She had fallen before. Yet amongst the cacophonous clatter of Cream of Mushroom cans and the metallic taste of pure horror as my mother collapsed straight into a seasonal grocery store display, seven year-old me felt a profound pain and shock unlike anything before in knowing that things weren’t going to get better. In an instant, the most compassionate, inspirational, and affectionate person that I’d ever known had been reduced to a solemn, unresponsive slump on the floor. Even worse, a crowd began to gather around her like ravenous hyenas after a fresh kill, making me want to shriek at them for degrading her with stares overflowing with condescending pity.
With the assistance of my father, who came sprinting through the store once he heard, my mother eventually recovered and was provided with a scooter cart for the rest of our shopping trip. Yet nothing could stop the torrent of tears that poured out of my eyes that night while my parents slept. After all, here was the mother who had read to me every night and watched movies with me in my parent’s bedroom on the weekends, broken by the stage IV lung carcinoma that had metastasized to her brain. In the coming weeks, the only solace for me would come when I saw her in the hospital, the refuge where she still never ceased to love and embrace me in every way she could.
Needless to say, when she passed away, I was devastated. Mother's Day and its memories of jubilant breakfasts in bed morphed into solemn reminders of how empty the world was without her. Free hug coupons and personal drawings that I had gifted her took on a melancholy hue as I stumbled across them in the bedroom where we had once watched movies together as a family. My once-attentive father all but receded away, leaving me in a bleak house with empty painkiller bottles piled up in dilapidated shoe-boxes and other shocking reminders that my mother was gone. In short, I had been plunged into a world of grief and adversity, of brutal ironies and cruel jokes, of debilitating despair and excruciating emptiness.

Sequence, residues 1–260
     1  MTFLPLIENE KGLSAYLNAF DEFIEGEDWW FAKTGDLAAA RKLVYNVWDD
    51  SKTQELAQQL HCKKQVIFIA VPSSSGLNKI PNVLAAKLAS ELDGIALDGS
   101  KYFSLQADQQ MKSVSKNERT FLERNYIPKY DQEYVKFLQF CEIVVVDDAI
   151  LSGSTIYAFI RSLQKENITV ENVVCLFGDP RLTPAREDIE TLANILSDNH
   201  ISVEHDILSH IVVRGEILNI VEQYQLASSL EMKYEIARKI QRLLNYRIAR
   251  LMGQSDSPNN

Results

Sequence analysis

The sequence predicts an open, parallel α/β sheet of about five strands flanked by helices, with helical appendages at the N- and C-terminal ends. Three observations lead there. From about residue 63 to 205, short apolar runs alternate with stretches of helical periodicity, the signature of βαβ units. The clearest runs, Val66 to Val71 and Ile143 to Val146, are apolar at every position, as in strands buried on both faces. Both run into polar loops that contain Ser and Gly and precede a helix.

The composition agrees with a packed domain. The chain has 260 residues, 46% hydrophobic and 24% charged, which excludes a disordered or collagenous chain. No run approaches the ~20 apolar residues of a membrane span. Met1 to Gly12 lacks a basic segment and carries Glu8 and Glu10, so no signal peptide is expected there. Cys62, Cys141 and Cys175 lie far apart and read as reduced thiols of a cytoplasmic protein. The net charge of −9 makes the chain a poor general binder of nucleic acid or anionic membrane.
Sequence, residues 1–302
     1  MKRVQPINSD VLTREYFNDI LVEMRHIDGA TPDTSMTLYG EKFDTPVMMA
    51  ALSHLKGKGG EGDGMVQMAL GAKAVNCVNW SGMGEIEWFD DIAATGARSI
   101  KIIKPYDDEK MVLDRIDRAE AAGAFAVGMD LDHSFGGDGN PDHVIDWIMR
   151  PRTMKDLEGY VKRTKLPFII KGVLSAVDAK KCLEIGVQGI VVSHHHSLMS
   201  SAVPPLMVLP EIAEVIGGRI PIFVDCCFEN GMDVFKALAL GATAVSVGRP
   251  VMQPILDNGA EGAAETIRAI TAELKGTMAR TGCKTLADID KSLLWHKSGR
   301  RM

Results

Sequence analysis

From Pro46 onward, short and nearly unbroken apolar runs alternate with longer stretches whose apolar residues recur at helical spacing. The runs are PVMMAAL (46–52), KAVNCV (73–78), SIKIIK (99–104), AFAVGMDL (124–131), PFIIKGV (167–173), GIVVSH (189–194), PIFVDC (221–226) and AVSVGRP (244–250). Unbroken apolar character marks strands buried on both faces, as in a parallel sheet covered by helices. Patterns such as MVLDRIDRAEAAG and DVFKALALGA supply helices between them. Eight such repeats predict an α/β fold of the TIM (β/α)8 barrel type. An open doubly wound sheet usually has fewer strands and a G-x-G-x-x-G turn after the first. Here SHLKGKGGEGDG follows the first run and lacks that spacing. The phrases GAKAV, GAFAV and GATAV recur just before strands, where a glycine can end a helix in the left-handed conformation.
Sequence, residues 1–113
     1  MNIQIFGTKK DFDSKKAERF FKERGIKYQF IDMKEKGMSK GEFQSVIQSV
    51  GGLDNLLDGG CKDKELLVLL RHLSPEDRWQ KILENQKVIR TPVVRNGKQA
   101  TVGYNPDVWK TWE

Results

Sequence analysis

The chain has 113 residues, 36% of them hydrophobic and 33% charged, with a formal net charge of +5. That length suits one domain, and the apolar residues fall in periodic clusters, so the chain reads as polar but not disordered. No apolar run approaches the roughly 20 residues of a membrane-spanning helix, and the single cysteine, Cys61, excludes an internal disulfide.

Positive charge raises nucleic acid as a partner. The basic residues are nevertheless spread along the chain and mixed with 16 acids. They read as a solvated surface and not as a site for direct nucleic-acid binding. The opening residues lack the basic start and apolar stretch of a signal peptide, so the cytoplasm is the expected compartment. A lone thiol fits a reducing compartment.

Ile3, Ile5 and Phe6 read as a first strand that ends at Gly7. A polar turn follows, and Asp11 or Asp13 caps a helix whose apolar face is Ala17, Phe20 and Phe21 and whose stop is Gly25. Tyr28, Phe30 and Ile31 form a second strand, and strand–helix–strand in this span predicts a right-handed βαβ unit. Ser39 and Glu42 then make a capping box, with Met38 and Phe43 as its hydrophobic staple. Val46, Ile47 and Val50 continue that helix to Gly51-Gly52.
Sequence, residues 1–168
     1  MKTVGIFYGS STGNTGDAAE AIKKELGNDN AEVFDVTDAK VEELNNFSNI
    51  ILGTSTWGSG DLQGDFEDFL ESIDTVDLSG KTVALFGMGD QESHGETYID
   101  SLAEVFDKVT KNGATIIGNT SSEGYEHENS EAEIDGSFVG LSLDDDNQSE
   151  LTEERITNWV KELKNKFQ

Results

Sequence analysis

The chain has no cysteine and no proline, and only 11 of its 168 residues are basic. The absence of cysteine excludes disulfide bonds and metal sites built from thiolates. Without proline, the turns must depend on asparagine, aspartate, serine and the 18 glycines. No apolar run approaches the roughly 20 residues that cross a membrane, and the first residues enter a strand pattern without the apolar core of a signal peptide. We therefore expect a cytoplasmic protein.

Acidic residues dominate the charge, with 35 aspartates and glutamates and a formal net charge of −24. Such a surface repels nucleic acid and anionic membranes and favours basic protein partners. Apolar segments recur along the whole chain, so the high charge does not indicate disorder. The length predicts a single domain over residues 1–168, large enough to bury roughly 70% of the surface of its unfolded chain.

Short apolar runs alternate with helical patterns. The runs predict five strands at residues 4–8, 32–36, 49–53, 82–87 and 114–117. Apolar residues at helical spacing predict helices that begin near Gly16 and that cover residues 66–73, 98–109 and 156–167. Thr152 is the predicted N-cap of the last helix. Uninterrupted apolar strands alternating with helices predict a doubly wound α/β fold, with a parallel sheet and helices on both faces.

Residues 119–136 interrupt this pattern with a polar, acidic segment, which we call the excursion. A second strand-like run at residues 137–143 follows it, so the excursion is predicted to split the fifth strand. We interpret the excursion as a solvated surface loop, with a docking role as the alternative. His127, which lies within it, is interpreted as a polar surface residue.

In the face of such anguish, I found solace in the last note that my mother had written to my father and me. On it, she wrote a simple message: "Go, Brian! Do the best you can!" From the moment after I read it, I have made my mission to persevere and honor my mother's memory in that simple way—constantly doing the best I can for myself and those around me. Through lonely days and sleepless nights, storybook tragedies and missed movies, her words are the wind on my sail that propel me into a future where no free hug coupon goes unused.
For now, while my mother may never have cashed in her free hug coupons, I carry both them and her final note with me wherever I go. They give me the grit to lead multiple honor societies and to pick up trash in my mornings even when pouring rain all but washes me away. They give me the opportunity to pass on those free hug coupons to the struggling students that I tutor and melancholic members of my community as I remember the extraordinary grief that we all come to face in our lives. They give me an inexpressible appreciation for the immense beauty in our world, whether it be in the awestruck eyes of a Kindergarten class as I play Liszt or the blazing passion of a ninth-grade Science Bowler as we gush about mitochondria. They give me hope that for every life that I save or help, I can begin to make up for the one that I lost. Yet most importantly, they give me indescribable optimism, solace, and satisfaction in knowing that I’m working to accomplish my mother’s dream every day.
Peak To Peak Charter School
Lafayette, CO 80026
Awards: Personal Essay/Memoir
New York Life Award, 2019
Gold Medal, 2019